Modular buildings are publicly known as pop-up or seemingly temporary structures, often associated with construction sites, new housing developments, and schools in need of inexpensive expansion. You likely attended a school in your youth that had modular classrooms, locker rooms, or lunch rooms beside the main building. But a modular building is more than what you might assume. They can be just as permanent as a traditional structure, and can be made of durable, long-lasting materials that exceed the quality of other structures.
Being modular isn't just about being cheap to build. There's more to these structures than that. However, in order to understand just why modular buildings are so important and beneficial, you should learn a bit of history about these buildings.
This is a brief and fascinating history of the modular building, including its humble but vital roots, developments, and uses today.
The first modular buildings may have ancient roots, as civilizations built and distributed natural materials to create pre-fabricated homes for citizens that were easy to install and inhabit. However, the modern modular building, as we know it, can be attributed to Sears, Roebuck and Co. Long before they became known as clothing and appliance retailers with the occasional auto shop or gift shop, Sears sold modular homes in the early 20th century. After the development of US railroads, populations grew, expanded, and relocated at such remarkable rates that a housing solution needed to be developed to match this demand.
Mass housing was developed in the form of modular homes. Sears and its competitors began issuing catalogs, from which one could choose home designs and customize them in small ways. For instance, you could choose a "Queen Anne" design and select the number of bedrooms you needed, or add a servant's quarters to the home. By 1940, Sears had sold over half a million such homes.
After World War II came American suburbanization, or expansion of cities into large neighborhood communities. Soldiers who returned from war and workers facing an economic boom and new job opportunities needed family housing. Modular homes were efficient and cheap to build, but comfortable and could be constructed to suit American population growth.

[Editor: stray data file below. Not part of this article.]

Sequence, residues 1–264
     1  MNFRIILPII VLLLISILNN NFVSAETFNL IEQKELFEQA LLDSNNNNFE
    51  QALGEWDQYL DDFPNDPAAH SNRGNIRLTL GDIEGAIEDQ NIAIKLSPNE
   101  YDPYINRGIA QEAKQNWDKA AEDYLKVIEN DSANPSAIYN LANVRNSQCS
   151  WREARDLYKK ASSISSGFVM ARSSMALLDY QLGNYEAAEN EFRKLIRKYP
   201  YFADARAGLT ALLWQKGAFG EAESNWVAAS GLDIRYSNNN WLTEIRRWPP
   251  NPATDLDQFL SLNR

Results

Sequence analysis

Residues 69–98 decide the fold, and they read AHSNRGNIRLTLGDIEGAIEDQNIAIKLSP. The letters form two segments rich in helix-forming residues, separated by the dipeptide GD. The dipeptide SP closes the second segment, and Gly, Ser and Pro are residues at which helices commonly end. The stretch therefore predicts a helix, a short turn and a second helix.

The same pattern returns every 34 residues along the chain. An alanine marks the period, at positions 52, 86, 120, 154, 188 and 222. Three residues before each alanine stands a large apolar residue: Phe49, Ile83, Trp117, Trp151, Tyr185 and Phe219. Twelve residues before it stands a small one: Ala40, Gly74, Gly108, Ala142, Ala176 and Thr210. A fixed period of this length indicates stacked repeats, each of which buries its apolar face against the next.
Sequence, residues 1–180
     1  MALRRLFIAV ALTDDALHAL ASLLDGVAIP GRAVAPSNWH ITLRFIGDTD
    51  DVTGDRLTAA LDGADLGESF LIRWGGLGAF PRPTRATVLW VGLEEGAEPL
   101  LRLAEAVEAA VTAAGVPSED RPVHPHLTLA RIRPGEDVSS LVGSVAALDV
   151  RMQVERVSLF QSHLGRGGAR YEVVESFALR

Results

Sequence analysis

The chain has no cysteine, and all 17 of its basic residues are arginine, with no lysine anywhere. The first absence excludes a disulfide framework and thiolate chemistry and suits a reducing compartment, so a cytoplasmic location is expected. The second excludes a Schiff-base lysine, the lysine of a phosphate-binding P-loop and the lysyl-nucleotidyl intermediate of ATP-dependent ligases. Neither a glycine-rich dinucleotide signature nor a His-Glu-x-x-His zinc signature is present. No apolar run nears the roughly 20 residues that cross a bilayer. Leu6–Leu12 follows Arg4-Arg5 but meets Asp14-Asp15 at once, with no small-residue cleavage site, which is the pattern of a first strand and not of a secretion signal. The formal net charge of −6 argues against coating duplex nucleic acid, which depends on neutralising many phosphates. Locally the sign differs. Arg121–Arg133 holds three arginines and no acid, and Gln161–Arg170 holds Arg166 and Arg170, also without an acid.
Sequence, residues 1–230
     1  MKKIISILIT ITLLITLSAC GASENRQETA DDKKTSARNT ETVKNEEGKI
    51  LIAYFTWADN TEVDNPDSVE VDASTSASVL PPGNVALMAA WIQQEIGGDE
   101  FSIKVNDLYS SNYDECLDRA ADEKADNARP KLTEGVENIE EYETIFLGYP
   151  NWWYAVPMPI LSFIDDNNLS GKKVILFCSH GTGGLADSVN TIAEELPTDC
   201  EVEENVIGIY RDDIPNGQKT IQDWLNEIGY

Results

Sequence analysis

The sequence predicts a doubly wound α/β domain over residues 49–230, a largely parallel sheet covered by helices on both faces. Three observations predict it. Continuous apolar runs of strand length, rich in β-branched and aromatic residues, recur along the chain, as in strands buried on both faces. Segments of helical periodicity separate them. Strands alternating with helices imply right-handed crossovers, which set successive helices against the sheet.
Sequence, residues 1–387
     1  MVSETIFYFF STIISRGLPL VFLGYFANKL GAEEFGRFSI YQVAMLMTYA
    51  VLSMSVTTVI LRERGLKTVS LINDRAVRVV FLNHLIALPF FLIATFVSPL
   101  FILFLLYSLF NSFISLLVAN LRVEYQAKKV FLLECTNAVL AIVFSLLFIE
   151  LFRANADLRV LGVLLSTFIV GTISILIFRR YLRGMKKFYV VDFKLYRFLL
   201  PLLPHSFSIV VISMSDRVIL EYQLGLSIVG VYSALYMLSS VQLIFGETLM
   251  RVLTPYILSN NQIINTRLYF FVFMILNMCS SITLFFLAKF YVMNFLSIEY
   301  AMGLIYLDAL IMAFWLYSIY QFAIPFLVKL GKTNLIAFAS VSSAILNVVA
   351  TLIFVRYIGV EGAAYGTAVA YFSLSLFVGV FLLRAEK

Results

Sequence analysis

While they were simpler than today's modular buildings, typically built simply out of wood, the following decades saw an increase in sophistication and diversity of materials. For instance, overhead cranes could quickly build steel-framed buildings, and this led to more industrial modular structures, like construction site offices and office parks. These buildings could be shipped nationwide once more durable materials were used.
Many of today's fast food restaurants and sub-division homes are considered modular structures, being designed by larger companies who can personalize and localize the designs depending on the buyer's tastes and the building's intended location. Today, you can buy homes, businesses, and industrial structures ranging in size, scale, and design. You can now shop to build quickly, inexpensively, and efficiently according to your specific needs. These buildings are now so structurally stable and sophisticated that no one would ever know these buildings are modular. You can shop for modular buildings online to suit your building needs and budget.
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